The majority argues that Wright's indictment in the circuit court mooted the error of the general district court in granting the Commonwealth's original motion to nolle prosequi the earlier charge without good cause. The majority emphasizes that both a grand jury indictment and a preliminary hearing act as screening procedures. The purpose of each procedure is to establish probable cause before an accused may be tried in a court of record for a felony. See Webb, 204 Va. at 31, 129 S.E.2d at 28. Thus, the argument continues, the indictment in the circuit court gave back to Wright exactly what she was unlawfully denied in the general district court, i.e. a probable cause determination before her trial.
The legislature is presumed to know the law when enacting legislation. See Charles v. Commonwealth, 270 Va. 14, 19, 613 S.E.2d 432, 434 (2005). We must, therefore, presume that the legislature knew when it enacted Code § 19.2-218 that both a preliminary hearing and a grand jury indictment operate as screening procedures for a probable cause determination. Nevertheless, the legislature decreed that, “no indictment shall be returned in a court of record against any such person prior to such hearing unless such hearing is waived in writing by the accused.” Code § 19.2-218. According to the plain language of the statute, the validity of any indictment against a person who has been arrested prior to indictment depends upon the occurrence of a preliminary hearing or a valid waiver. The majority's suggestion that a subsequent indictment cures any violation of Code § 19.2-218 ignores the express command of the legislature.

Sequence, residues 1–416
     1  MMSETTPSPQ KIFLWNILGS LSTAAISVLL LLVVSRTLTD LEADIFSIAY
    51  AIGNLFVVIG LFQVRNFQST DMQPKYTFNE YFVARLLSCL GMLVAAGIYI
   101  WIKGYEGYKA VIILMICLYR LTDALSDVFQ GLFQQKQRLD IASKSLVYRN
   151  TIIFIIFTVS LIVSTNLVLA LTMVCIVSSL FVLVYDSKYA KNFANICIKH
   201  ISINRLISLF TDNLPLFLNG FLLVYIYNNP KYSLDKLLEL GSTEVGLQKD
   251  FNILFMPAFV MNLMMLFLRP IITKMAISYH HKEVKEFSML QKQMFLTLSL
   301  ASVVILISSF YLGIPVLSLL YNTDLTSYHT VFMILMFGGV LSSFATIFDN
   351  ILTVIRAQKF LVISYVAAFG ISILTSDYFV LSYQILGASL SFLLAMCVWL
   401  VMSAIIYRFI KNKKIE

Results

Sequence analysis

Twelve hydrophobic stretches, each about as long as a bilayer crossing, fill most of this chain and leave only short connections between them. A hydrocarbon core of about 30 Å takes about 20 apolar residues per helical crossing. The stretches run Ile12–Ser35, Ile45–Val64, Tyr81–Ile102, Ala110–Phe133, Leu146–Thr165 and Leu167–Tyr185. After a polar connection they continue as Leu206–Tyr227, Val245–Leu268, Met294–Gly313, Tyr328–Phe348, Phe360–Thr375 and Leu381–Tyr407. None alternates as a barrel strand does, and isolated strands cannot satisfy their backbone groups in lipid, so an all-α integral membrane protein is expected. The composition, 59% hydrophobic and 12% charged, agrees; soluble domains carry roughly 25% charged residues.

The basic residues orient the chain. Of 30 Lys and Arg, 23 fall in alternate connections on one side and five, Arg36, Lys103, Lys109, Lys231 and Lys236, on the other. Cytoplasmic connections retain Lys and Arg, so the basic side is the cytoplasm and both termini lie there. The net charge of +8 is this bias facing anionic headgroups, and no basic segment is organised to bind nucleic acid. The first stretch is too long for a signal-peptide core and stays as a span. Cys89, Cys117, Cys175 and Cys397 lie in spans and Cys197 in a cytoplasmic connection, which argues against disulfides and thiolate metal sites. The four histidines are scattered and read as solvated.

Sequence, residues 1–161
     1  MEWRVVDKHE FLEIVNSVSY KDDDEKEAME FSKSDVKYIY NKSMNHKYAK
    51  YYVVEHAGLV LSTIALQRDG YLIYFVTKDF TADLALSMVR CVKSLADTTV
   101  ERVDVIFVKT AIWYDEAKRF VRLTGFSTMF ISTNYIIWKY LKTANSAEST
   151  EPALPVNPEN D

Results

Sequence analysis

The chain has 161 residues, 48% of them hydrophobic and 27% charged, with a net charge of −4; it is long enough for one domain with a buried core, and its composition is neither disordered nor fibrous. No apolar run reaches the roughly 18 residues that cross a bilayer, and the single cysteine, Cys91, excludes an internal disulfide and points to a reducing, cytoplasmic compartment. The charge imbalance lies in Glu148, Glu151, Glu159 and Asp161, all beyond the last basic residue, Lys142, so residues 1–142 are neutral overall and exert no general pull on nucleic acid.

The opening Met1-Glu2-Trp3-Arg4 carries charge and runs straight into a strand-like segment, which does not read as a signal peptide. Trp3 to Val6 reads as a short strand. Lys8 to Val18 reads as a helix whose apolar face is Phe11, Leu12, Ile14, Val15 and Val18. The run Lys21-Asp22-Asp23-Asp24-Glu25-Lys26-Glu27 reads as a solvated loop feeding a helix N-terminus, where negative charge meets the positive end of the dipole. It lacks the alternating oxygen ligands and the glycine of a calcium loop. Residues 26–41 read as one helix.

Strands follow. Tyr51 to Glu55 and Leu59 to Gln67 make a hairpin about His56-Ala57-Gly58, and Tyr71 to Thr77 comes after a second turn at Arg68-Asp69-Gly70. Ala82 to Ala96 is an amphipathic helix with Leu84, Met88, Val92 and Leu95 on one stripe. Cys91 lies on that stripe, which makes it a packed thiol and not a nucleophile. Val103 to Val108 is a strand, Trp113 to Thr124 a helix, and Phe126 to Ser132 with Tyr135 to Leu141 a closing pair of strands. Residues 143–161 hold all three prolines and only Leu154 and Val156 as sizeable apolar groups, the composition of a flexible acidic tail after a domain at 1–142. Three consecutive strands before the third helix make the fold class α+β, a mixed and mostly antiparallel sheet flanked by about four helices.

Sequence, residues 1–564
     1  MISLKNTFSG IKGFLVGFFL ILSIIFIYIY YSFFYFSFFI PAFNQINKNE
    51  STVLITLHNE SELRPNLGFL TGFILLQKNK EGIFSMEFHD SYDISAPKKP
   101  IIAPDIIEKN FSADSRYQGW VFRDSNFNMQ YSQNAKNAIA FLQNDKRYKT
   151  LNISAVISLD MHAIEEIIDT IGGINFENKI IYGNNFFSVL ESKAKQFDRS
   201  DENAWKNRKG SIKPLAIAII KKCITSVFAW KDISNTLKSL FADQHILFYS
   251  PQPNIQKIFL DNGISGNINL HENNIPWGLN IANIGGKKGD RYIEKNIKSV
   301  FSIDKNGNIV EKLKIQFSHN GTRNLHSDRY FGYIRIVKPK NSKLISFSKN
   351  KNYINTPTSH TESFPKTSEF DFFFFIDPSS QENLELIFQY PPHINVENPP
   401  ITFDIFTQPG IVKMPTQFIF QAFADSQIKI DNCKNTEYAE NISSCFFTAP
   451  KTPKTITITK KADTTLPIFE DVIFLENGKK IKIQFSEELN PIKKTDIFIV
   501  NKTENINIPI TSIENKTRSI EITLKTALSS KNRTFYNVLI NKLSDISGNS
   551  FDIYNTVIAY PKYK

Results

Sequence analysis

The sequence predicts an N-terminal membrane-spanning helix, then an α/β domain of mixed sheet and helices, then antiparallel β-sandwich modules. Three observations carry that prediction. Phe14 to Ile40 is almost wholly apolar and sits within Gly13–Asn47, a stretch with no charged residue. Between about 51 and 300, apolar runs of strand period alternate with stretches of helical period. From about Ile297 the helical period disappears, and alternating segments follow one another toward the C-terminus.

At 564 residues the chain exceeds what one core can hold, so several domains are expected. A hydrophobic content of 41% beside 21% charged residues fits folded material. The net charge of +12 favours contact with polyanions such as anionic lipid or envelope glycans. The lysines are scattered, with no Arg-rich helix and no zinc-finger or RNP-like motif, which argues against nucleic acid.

Moreover, if the legislature had intended that a circuit court indictment would cure any prior violation of Code § 19.2-218, it knew how to achieve this result. We know this because the legislature has expressly provided that the failure to observe certain statutory procedures before a juvenile and domestic relations district court may transfer jurisdiction of a juvenile to the circuit court are cured by a subsequent indictment in the circuit court. “An indictment in the circuit court cures any error or defect in any proceeding held in the juvenile court except with respect to the juvenile's age.” Code § 16.1-269.1(E); see Barnes v. Commonwealth, 33 Va.App. 619, 628, 535 S.E.2d 706, 711 (2000) (“The Code of Virginia is replete with references to the violation of specific abduction statutes, and, therefore, if the legislature had intended to limit Code § 18.2-32 to abduction in violation of Code § 18.2-48, it would have done so, as it did in so many other statutes.”); Bishop v. Commonwealth, 20 Va.App. 206, 211, 455 S.E.2d 765, 767-68 (1995) (“Had the legislature intended for courts to impose a felony sentence solely upon proof that an habitual offender drove after consuming alcohol, the legislature could have included such a penalty, as it did in subsection (B)(3).”); Broomfield v. Jackson, 18 Va.App. 854, 858, 447 S.E.2d 880, 882 (1994) (“When the legislature has deemed it prudent to do so, it has made specific reference in the APA to selected provisions of Title 8.01. See, e.g., Code § 9-6.14:5.”); Williams v. Commonwealth, 5 Va.App. 514, 519, 365 S.E.2d 340, 343 (1988) (“If the legislature intended to make knowledge or intent an element of the offense of speeding, it would have done so as it has with other offenses in the Motor Vehicle Code. See, e.g., Code § 46.1-15.1.” (citations omitted)).